Published Jan 9, 2005
Has anyone done anything like this? How did you start and where have you been? What kind of background do you have? I am very interested in helping in the future. Thanks!
renerian, BSN, RN
I took some training at the red cross for local disasters. Never called which is in reality a good thing/no local disaster/big smile.
I wanted to do what you posted before but all the places I could find/including helping the disaster vics now, are unpaid/of course with you paying all your fees. I cannot do that......
LolaRN, the only experience I have is that I recently took the initial "Disaster Response Training" offered through my church for people in this part of the state. We were given information about what to expect on site of a disaster & procedures to follow. We were given an extensive information form to complete about where we were willing to serve & what our background, skills & talents were. I did check international as well as national & local. I know that our denomination will be involved in long term rebuilding after the tsunami, but have no idea how they pick volunteers to go. So, we are waiting to see what happens now. We were given a few hrs. of food preparation, serving & safety and chain saw use training (for the men). They also offered child care & counseling sessions. I do not know if my nursing skills will be used or not, but I've never been in a situation yet where they weren't used to at least some extent.
So, you can receive information most likely from your church/denomination, & the American Red Cross would be another source. Also, your state nurses association (ANA) would have information.
Go for it! RetiredMSN
I have not done disaster nursing, however I did work for 10 days at a clinic in rural Mexico. Each of us in the group that was going worked hard for a year to raise the $$ to send us and begged, badgered and pleaded for supplies and good used clothing. Each of us took a backpack with our clothes and two big suitcases full of supplies. We slept in the clinic, which was very crowded, and people from the community came in to cook for us. There was no hot water, so morning showers were definitely short & invigorating.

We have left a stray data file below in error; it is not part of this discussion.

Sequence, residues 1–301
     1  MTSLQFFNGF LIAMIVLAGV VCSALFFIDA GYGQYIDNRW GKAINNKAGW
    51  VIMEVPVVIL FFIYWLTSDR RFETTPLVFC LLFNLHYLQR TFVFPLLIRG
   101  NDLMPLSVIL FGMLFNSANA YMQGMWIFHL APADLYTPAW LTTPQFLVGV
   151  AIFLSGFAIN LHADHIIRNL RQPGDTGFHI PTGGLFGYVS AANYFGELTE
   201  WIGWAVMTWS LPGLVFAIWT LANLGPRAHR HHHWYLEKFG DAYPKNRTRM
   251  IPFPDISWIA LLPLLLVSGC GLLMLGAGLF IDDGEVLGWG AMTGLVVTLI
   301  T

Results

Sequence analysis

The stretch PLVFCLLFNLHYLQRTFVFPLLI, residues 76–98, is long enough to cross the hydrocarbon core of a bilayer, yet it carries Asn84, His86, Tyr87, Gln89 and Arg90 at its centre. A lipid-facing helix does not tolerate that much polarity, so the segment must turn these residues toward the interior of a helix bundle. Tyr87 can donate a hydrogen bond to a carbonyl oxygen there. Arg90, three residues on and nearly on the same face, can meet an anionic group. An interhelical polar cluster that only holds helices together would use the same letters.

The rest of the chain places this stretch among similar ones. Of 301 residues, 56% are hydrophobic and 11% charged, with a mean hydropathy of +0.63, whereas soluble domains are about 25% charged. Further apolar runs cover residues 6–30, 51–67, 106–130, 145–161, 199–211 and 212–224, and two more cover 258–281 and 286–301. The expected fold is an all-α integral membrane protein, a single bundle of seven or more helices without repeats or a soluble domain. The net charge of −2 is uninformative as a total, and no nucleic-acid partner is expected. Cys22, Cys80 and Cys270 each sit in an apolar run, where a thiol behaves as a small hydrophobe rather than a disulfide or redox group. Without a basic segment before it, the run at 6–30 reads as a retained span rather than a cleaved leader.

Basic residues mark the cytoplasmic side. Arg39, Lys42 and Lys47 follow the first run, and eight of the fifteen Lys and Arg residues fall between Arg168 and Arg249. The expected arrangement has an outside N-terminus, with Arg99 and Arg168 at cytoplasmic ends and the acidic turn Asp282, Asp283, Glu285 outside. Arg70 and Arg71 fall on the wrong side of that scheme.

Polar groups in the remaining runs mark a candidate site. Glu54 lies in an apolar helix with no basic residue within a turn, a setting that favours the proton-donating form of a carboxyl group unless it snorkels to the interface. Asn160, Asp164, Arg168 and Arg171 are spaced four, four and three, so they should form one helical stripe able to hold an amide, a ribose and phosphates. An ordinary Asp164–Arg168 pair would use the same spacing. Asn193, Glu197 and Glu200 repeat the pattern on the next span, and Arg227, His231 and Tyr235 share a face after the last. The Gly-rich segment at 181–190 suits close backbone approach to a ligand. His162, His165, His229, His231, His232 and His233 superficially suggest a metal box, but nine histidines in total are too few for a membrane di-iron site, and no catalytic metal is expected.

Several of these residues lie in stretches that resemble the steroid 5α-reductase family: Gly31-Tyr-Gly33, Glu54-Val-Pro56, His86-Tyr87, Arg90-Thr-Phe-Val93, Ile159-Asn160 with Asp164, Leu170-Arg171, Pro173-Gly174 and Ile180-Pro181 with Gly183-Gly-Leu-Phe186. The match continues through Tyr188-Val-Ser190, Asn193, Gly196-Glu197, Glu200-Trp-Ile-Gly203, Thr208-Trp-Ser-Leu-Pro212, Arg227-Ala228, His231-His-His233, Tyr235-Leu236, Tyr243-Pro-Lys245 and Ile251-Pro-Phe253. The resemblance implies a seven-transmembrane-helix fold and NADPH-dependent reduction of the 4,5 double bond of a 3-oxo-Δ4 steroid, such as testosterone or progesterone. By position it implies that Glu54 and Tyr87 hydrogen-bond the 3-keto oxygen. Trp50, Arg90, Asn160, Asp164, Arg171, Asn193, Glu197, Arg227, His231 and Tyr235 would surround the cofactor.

Each evening we would hold a teaching session for the community -- since only 3 of us spoke Spanish, I had to translate my share (and it had been YEARS since I'd used it -- was I ever rusty! but it was apparently understandable and the folks there got a big kick out of my fumbling). We were split into teams, and then each team would be assigned to the clinic or the community. We did Pap smears, visited disabled people, did assessments, ECGs (the machine was so old it only had the grounds and one other lead...so we'd move it from site to site and label it), more teaching, and then made notes for the MD, since he'd see the people who needed more than we could give them. I didn't get to do quite as much medical as I wanted since I was translating, but that was OK, too. :)
I got to do some brief counseling with one lady who was probably suffering from PTSD and depression, and also did a digital rectal exam on an ancient maiden lady who could not bear for the male MD to do that to her (he stood behind a curtain and I described what I was feeling...weird, but it worked I guess).
It was a very rewarding experience, and I hope to repeat it some day (hopefully after my youngest is in college -- he's 15 now, so not that much longer!)
I know this is an old post- but i have been researching this as well. a classmate of mine does relief work via the red cross and he leaves the country - it's not just for his state. Also - the red crescent in europe does the same. have you seen the nurses without boarders site? they pay for your food and lodging... good luck.
ooops! alos - idealist.org is a great resource!!
I am looking for a group that takes RN's for diaster work ; as in the recent Earthquakes Haiti, Chile
tnbutterfly - Mary, BSN
You might want to post in the Natural Disaster Forum.
There are many links for medical organizations that provide international disaster relief.
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